Subcultures come and go. If you live in Baltimore, there’s no way that you can’t immediately spot an Unk from miles away. Or a MICA Kid. For those who don’t know, here’s a guide to the five different groups of Baltimoreans you are bound to run into whether you’re at the Gallery or stuck on the West Side today.
The first, sorted from most likely to stare you down to least likely to even be near you, is the aforementioned Unk. An Unk is Baltimore slang for the drunk, tweaked out or just old and loitering. They are typically seen standing outside of a liquor store waiting for you to come out and give them money.
They usually inhabit North Ave and common phrases include: “You got 40 cents?,” “Loose ones!,” and “Aye sweetheart, you got a bus pass you wanna get rid of?” They make people who stay in their Mount Vernon cul de sacs deeply uncomfortable with their glazed over stare and natural drug-induced lean. Just give them 40 cents and move on. They’re generally harmless but you never know.
Next up: The Underground.
You walk down towards The Gallery at the Inner Harbor ready to delve deep into consumerism, when you hear some awful sound. It sounds like a ruined childhood mixed with wobbles. Exactly what is that? Why are all those kids shuffling and looking like they robbed a Hot Topic? Why do they have so many face piercings and look like a mix between an Otaku and a 2007 goth kid? Why are they so old? Those are the Underground kids.
The Underground is an unofficial term for the goth kids that roam around Baltimore and do nothing but shuffle and tattoo each other. They are frequently seen in front of the Gallery downtown or near Club Orpheus down the street. No matter what–they are always shuffling.
Typical phrases muttered by them include “Ew, you listen to Skrillex?” and “You need a tattoo done?” Chances are, you’re friends with someone who is friends with someone else who knows a person in the Underground. They probably won’t talk to you but despite their 2spooky4me appearances, they are actually really nice. You probably should still steer clear of them.
Then, there are the random rappers and “entrepreneurs” who play their mixtapes in the Target at Mondawmin in West Baltimore and on the bus. You can typically find them anywhere and that is not an exaggeration. These would-be rap moguls usually invade your friend’s group smelling like a California marijuana dispensary and then play their mixtape when everyone is too distracted to notice. These types of people are in every city but Baltimore has a special brand of them. You can spot them on Facebook instantly because their name is probably Quan TheRapGawd, 410sfinestdummy or some other egregious nonsense. Unless you are from Baltimore, there is no way you will be able to understand what they are saying. Sometimes they travel in groups and often stand outside of corner stores wearing True Religion but packed 16 in an ‘82 Honda Civic. Typical phrases include: “Wusgooddummy?,” “Aye sweetheart, what’s ya name?,” “Forreal dummy, my joint on Soundcloud. Straight fire *insert fire emoji*.” Unless you really have an interest in their mixtapes, you just keep it moving.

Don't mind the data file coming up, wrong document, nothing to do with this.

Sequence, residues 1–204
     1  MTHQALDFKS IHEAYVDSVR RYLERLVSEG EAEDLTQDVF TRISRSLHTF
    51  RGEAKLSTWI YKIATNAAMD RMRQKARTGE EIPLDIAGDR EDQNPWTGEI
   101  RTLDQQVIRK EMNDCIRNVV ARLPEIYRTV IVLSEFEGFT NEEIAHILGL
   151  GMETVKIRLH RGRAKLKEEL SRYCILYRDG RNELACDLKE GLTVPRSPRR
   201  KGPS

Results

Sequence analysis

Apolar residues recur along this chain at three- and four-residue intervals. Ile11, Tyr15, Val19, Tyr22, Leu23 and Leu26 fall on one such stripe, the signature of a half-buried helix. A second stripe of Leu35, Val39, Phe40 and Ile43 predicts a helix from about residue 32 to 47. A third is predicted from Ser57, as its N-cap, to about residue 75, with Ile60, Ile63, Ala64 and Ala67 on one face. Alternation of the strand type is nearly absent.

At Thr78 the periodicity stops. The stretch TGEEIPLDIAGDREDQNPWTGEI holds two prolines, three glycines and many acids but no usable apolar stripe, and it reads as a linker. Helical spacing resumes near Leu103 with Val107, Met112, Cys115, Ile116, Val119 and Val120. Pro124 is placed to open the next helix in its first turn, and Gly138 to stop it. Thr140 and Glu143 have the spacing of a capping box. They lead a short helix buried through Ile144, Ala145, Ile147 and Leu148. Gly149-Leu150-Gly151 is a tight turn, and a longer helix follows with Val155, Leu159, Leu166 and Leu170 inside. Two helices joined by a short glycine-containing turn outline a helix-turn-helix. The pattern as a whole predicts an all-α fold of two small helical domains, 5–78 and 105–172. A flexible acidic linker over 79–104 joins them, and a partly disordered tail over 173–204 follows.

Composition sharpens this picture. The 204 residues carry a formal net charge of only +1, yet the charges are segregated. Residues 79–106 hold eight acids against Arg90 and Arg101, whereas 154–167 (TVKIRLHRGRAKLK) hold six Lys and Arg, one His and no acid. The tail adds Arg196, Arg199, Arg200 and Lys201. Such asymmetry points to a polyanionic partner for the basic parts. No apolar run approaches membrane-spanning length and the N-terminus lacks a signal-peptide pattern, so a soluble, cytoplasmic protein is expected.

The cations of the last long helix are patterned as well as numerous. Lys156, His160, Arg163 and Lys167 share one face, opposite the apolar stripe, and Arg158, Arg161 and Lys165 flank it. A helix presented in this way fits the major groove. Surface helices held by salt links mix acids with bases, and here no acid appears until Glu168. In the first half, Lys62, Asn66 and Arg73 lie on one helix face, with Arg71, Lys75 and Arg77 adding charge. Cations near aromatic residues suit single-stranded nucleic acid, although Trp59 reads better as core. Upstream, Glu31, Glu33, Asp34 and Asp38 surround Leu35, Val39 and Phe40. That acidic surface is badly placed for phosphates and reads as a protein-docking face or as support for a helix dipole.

The second least harmless of this bunch is always going to be the MICA Kids, with MICA standing for the Maryland Institute College of Art. They are constantly looking for acceptance for going to an overpriced art school in a less than favorable city. Often they have giant portfolio cases, mismatched, yet trendy, clothes and have never been anywhere outside of Bolton Hill, where MICA is located, or a local thrift store.
They often will come to your party and don’t dance, but help themselves to your Natty Boh. Typical phrases include: “You have any Natty Boh?,” “My Tumblr post got like 2k notes,” and “Baltimore is cool, like I love all the diversity” with a heavy emphasis on diversity. If you want to talk to them, you go ahead. They will probably judge your lack of knowledge of obscure artists however.
Finally, there is the Coppin State University nurses that absolutely love their HBCU. They drive 2012 Nissan Maximas, have really adorable scrubs and have either graduated from Baltimore City Community College, Community Collge of Baltimore County or Coppin.
You probably have a nurse aunt, mom and/or grandma that has urged you to be a nurse because it’s ‘easy money’ and ‘an actual job’. Typical phrases include: “Just be a nurse, being an LPN is so easy,” “You know how much money nurses make?,” and “*insert story about patient here*”. No matter, they always have really nice hair and are typically quite pleasant if you don’t interrupt them in their daily commute. You probably won’t even have a chance to talk to them because they just got called in and you’re in the way.
Whether you’ve been to Baltimore for five minutes or 500 years, you are bound to run into one of these types of Baltimoreans.
Erin-Melissa Jackson is an intern in the Baltimore office of The AFRO-American. She is a junior at Coppin State University.